May 14, 2008
He Had it Comin'
Here's a little treat for fans of the stage/film musical, Chicago:
“I Loved Joe, But I Had to Shoot Him”: Homicide By Women in Turn-of-the-Century Chicago by Jeffrey S. Adler
No, Roxie Hart was not a real person. The photo above is Beulah Annan, the real "Roxie."
From The Chicago Tribune, April 4, 1924.
WOMAN PLAYS JAZZ AIR AS VICTIM DIES
For more than two hours yesterday afternoon, Mrs. Beulah Annan, a comely young wife, played a foxtrot record named “Hula Lou” then telephoned her husband and reported that she had killed a man who “tried to make love to her.”
Nor was Velma Kelly. The character was based on Belva Gaertner.
From The Chicago Tribune, March 14, 1924.
NO SWEETHEART WORTH KILLING
No sweetheart in the world is worth killing – especially when you've had a flock of them – and the world knows it. That is one of the musings of Mrs. Belva Gaertner in her county jail cell . . . “Why it's silly to say I murdered Walter,” she said during a lengthy discourse on love, gin, guns, sweeties, wives and husbands. “I liked him and he loved me – but no woman can love a man enough to kill him. They aren't worth it, because there are always plenty more . . . I wish I could remember just what happened. We got drunk and he got killed with my gun in my car. But gin and guns – either one is bad enough, but together they get you in a dickens of a mess.”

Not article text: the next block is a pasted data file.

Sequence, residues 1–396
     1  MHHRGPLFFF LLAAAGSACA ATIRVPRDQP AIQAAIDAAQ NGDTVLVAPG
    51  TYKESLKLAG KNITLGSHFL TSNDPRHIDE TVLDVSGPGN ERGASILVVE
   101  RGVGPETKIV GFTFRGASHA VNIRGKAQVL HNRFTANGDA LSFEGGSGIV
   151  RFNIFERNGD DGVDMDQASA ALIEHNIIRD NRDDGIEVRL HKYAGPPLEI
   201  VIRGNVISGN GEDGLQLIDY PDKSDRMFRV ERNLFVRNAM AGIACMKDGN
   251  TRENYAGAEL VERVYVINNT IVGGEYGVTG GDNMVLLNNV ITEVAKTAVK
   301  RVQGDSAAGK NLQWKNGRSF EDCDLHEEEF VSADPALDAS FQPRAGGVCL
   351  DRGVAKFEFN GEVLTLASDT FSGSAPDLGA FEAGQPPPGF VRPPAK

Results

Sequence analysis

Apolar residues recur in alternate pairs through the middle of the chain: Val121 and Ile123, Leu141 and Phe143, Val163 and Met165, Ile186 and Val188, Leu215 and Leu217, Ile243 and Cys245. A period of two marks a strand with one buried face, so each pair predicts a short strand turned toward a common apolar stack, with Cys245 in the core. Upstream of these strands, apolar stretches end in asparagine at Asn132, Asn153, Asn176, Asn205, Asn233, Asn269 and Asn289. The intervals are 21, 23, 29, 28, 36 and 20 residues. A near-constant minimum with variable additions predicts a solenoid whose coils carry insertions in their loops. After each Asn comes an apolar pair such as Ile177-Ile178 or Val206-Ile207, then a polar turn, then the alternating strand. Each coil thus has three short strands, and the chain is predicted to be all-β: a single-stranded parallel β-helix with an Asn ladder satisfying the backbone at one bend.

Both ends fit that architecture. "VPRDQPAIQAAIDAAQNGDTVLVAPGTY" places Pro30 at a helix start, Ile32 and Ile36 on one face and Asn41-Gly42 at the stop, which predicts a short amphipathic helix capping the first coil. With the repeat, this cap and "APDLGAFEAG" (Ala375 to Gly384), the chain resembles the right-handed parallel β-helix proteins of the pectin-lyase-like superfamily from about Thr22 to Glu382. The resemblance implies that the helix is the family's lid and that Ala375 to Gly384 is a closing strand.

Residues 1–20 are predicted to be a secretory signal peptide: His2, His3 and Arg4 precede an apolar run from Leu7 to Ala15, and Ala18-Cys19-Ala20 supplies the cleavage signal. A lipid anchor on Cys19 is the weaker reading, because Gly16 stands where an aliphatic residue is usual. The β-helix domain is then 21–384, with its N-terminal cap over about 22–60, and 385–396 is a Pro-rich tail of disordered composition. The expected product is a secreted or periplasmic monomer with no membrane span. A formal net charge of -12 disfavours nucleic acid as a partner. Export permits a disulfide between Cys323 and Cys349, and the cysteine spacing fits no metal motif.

So, here's the story of the True Murders That Inspired the Movie.
Chicago: The Story Behind the Movie
Book: Chicago: With the Chicago Tribune Articles that Inspired It by Maurine Watkins (Author), Thomas H. Pauly (Editor)--Good luck finding this one!
Photo credit: DN-0076797, Chicago Daily News negatives collection, Chicago Historical Society